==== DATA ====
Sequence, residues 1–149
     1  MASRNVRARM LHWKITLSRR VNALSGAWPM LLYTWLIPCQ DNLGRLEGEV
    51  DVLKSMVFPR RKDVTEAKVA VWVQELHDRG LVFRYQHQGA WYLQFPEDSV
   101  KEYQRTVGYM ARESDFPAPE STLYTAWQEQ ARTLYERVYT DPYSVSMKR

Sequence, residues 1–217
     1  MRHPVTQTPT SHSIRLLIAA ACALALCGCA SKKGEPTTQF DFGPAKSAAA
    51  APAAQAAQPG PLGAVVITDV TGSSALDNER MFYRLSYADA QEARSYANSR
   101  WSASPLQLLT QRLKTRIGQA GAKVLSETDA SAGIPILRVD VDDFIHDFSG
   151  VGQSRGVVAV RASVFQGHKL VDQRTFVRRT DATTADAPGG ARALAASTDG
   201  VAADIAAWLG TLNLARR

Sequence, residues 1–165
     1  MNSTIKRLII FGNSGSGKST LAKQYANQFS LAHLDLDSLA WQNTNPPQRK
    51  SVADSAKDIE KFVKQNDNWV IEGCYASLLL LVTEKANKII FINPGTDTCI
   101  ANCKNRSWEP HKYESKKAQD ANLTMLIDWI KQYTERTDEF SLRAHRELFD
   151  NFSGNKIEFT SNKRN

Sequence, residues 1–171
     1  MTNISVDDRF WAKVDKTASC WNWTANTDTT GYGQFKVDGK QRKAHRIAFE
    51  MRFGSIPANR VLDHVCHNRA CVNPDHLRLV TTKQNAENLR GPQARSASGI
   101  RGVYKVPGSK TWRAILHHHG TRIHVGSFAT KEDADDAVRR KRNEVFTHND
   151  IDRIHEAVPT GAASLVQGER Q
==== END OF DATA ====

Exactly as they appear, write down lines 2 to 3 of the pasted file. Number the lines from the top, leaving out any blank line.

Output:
     1  MASRNVRARM LHWKITLSRR VNALSGAWPM LLYTWLIPCQ DNLGRLEGEV
    51  DVLKSMVFPR RKDVTEAKVA VWVQELHDRG LVFRYQHQGA WYLQFPEDSV